Drift on, 2021, oil on panel, 6″ x 6″ (sold)

The pandemic has affected the way most people work, and it has definitely shifted Jolene’s work, too. “I have put more energy into my online platforms, and have been really enjoying the community on TikTok! I share my art videos, and have had the opportunity to ship originals and prints all across the continent. One element that has sprung up for me over the last year has been playing with holographic and colour-shifting pigment powders in my work. I have loved working with gold and silver leaf accents over the years, but have just this year learned how to incorporate a wide variety of pigment powders into my oil paintings. There is something about these shiny and eye-catching elements in an original work that really make it special when you see it in real life. I love when the work feels different depending on how the light catches it; there is something magical about it. When paired with my increasingly surreal imagery, I feel like these little details really make the work transcend reality.”

A moment just for you, 2021, oil on canvas, 30″ x 40″

While life has been unpredictable and no one can plan a direction with complete certainty, Jolene has goals and ideas that keep her going. “I have been renovating my studio in my home to work more efficiently, including an art storage area. I worked on a private mural this summer, and hope to create more public art going forward! In 2020, I installed a mural for the Vernon Public Art Gallery in their neighbouring parkade, and worked on a ‘Mini Mural’ exhibit at Cannery Brewing which was coordinated by the Penticton Art Gallery. I would also love to travel more with my work. 2019 took me to Chicago for my first international exhibit, and to Toronto for a painting competition. I miss those opportunities to explore the world and share my art. Fingers crossed that is in our near future!”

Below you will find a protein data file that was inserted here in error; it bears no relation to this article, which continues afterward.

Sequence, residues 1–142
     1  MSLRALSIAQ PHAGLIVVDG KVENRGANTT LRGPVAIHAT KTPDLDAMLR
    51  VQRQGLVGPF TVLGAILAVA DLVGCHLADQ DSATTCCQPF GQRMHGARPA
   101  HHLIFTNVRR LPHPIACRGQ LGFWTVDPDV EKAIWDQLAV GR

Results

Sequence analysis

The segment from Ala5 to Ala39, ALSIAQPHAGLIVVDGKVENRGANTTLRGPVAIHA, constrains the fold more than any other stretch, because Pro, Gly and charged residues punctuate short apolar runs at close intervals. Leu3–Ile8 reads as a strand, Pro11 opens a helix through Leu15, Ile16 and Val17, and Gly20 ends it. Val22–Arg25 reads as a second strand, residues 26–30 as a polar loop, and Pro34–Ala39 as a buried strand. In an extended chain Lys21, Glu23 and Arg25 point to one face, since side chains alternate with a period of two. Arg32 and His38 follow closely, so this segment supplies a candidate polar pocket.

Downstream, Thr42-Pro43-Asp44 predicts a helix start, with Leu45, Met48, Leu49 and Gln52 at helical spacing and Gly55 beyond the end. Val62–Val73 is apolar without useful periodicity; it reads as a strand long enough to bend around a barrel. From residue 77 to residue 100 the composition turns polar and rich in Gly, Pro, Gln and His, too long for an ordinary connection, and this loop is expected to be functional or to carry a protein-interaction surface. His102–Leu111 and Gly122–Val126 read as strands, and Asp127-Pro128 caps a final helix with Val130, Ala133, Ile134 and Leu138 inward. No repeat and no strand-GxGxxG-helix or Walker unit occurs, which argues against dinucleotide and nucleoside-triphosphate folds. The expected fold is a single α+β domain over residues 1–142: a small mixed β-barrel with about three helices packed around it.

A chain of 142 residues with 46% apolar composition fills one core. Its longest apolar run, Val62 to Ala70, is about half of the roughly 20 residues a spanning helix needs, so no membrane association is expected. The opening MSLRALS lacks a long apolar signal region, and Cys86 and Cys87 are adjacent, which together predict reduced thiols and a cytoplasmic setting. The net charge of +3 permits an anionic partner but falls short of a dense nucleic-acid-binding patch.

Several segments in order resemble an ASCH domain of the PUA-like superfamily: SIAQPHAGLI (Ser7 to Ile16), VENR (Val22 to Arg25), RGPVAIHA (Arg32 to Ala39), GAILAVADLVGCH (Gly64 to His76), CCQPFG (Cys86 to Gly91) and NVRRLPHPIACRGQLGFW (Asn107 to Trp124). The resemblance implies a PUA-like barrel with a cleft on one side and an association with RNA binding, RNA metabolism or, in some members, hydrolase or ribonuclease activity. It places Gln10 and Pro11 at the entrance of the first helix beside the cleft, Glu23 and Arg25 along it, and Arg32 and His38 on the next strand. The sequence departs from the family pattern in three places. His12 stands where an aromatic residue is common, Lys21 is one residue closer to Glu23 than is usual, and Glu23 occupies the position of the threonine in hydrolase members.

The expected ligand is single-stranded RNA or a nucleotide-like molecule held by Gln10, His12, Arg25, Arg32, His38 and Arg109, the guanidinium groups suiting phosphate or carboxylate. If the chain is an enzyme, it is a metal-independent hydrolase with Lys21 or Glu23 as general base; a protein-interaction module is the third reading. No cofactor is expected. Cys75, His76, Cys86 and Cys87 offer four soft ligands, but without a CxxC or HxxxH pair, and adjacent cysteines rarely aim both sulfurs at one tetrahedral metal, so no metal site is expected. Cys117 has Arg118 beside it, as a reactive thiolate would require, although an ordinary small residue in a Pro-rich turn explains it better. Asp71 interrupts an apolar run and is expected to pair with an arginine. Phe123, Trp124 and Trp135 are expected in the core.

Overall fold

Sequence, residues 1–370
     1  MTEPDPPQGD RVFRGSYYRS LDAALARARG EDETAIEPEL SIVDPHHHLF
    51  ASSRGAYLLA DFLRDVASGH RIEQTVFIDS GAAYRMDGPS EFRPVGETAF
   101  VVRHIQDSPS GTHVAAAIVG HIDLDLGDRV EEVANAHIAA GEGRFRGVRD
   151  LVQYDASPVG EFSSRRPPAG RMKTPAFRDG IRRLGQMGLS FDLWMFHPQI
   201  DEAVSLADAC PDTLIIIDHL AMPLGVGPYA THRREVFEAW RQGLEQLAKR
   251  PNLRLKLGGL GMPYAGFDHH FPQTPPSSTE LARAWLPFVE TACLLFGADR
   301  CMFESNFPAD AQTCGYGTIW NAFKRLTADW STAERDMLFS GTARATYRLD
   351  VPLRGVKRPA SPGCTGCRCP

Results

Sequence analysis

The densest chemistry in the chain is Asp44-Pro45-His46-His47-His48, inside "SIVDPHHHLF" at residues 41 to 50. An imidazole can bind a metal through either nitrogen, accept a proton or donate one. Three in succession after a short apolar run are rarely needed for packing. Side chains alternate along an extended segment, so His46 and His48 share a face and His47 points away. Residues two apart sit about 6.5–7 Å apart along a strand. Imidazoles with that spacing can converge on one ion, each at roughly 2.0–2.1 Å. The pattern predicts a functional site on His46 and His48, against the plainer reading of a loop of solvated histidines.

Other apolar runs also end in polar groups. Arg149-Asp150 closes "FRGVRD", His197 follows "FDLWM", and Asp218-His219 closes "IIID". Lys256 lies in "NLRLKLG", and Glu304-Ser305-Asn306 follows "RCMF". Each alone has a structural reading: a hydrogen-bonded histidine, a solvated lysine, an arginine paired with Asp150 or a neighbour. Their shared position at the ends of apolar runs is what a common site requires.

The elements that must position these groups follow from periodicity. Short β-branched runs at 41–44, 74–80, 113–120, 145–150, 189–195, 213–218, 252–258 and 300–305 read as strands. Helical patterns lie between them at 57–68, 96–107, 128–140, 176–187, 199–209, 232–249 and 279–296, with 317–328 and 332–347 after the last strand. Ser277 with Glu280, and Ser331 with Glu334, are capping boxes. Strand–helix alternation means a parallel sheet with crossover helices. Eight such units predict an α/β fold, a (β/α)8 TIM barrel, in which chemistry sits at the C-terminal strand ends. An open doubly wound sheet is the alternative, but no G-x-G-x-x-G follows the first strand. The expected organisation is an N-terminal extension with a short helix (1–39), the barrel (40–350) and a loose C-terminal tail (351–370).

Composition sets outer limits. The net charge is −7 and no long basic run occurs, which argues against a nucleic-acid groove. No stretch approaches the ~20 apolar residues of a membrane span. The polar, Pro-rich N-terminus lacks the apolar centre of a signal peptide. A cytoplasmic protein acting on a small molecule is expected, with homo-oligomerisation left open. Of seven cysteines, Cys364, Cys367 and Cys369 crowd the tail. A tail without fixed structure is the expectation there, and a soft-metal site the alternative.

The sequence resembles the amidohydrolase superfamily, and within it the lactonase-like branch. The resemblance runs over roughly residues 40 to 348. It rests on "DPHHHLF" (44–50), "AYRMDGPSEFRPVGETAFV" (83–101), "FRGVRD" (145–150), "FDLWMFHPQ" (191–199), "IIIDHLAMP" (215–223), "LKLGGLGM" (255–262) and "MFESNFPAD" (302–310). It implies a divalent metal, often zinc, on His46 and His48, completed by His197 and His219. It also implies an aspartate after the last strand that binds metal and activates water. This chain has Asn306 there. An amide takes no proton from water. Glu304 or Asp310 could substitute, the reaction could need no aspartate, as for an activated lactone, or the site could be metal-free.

Jolene Mackie’s artwork at Karmyc Bazaar in Kelowna, BC

A rotating selection of Jolene Mackie’s artwork can be seen and purchased at Karmyc Bazaar in Kelowna, BC. Her work is also featured at the Tumbleweed Gallery in Penticton, at the Lovecraft Gallery in Tofino, and at Cannery Brewing in Penticton (mini mural project). You can also find Jolene’s original paintings, prints, calendars, necklaces and apparel in her online shop.

See more of Jolene Mackie’s art on her website at jolenemackie.com.
Follow her on Facebook at Jolene Mackie Art or on Instagram at jolene.mackie.art.


The banner image at the top of this page is a commissioned (sold) oil painting titled Wonderland, 2021, 48″ x 18″ by Jolene Mackie.

The Arts and Treasures at Karmyc Bazaar

In the heart of trendy Pandosy Village in Kelowna, BC, there’s a curious little shop that presents unique pieces sure to charm the eclectic taste! The owner of Karmyc Bazaar, Jennelle McGuire, invites you to “explore a visionary dreamscape” of artwork from well over 100 Canadian artists.

Jennelle McGuire, owner of Karmyc Bazaar
Jennelle McGuire, owner of Karmyc Bazaar

The shop’s name, Karmyc Bazaar, comes from a combination of Jennelle’s middle name (Karmin) and last name (McGuire), along with the concept of an open-air market or ‘bazaar’.